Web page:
emblazing a shield of faith that calls the eternal
to step forth in light
and vanish the devil’s work inside.
A chorus of exaltation,
an a cappella healing
choir of raised voices, sing and praise God’s power filling
your heart with its hymn.
Held by echoes of loving embrace,
the healing begins.
(Poem by Mary Elizabeth Archer, 2001) ™
And she slept until her son came in and kissed her on the cheek and whispered, “’Um – good news.”
Katherine walked next door into 12B. She looked with compassion at the older woman laying in the bed – her friend holding her hand. Katherine sighed and smiled at the friend, but 15 years in rooms like these had honed her sense of the disease’s power. She added a blanket to Mary’s feet and left the room.
Months later, Nadia walked through the garden and looked up at the Atlas Mountains. How often in that hospital so far away she had come in her imagination to this spot. And yet now, as she stood in her grandfather’s garden with the crumbling wall, looking up at the convent, she felt a vague yearning . She was a part of something bigger now – much bigger than her grandfather’s garden – much bigger than who she once had been. She stared up at the convent. Nadia, looked down at the small black eyed girl who held her hand – Jadda – tell me the story. It was long ago in a place far from here. And people gave me hope and life. At first I thought they were so different from us, but I learned we are more alike than we are different. You see, binti, I know that we are more than cousins, we are the daughters of Ibrahim.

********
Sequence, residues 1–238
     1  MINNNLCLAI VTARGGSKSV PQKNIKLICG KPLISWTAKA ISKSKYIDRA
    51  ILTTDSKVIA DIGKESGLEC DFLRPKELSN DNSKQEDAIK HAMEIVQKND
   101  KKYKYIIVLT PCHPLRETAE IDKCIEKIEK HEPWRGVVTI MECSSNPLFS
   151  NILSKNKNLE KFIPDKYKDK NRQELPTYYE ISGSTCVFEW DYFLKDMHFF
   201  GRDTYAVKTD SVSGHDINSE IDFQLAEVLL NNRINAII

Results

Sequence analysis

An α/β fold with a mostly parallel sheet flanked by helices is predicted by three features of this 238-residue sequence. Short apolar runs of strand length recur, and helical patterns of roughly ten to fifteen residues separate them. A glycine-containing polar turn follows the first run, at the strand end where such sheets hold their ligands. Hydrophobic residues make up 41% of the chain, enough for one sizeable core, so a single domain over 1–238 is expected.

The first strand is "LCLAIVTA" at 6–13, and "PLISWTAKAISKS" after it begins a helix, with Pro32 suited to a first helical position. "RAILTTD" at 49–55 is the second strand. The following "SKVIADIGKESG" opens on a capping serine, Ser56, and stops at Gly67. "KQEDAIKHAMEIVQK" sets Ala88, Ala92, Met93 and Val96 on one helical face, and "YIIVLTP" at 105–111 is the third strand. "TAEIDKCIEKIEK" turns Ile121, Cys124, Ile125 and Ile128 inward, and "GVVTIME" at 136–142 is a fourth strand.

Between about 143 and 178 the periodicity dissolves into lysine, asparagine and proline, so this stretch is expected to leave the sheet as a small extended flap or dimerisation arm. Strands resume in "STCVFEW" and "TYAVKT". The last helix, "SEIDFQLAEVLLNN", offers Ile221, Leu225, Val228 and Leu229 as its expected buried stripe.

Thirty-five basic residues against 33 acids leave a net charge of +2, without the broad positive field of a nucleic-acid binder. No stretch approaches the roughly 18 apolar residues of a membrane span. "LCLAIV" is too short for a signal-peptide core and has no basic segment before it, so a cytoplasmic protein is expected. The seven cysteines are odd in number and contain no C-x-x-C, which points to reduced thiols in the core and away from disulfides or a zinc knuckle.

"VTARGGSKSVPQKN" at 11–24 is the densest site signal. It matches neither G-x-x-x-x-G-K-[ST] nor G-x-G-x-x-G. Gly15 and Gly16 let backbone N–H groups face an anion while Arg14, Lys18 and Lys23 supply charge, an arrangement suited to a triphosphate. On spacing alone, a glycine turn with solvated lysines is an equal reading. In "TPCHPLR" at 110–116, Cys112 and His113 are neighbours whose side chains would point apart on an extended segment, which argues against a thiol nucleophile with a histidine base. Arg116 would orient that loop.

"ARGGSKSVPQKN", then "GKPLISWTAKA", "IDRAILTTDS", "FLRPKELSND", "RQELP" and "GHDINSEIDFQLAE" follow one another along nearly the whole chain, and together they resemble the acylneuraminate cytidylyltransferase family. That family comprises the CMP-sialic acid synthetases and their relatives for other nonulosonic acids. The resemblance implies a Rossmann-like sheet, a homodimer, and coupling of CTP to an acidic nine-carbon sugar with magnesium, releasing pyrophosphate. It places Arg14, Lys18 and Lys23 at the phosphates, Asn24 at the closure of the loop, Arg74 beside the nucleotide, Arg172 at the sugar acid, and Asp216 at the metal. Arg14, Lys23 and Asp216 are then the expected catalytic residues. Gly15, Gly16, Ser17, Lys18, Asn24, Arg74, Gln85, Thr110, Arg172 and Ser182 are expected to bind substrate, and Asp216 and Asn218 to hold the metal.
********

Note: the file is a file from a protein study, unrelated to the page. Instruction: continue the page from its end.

And far away, the Icon of Kazan gazed sorrowfully as an elderly woman wept for her own Mary while sunlight wrapped them both in a warm embrace.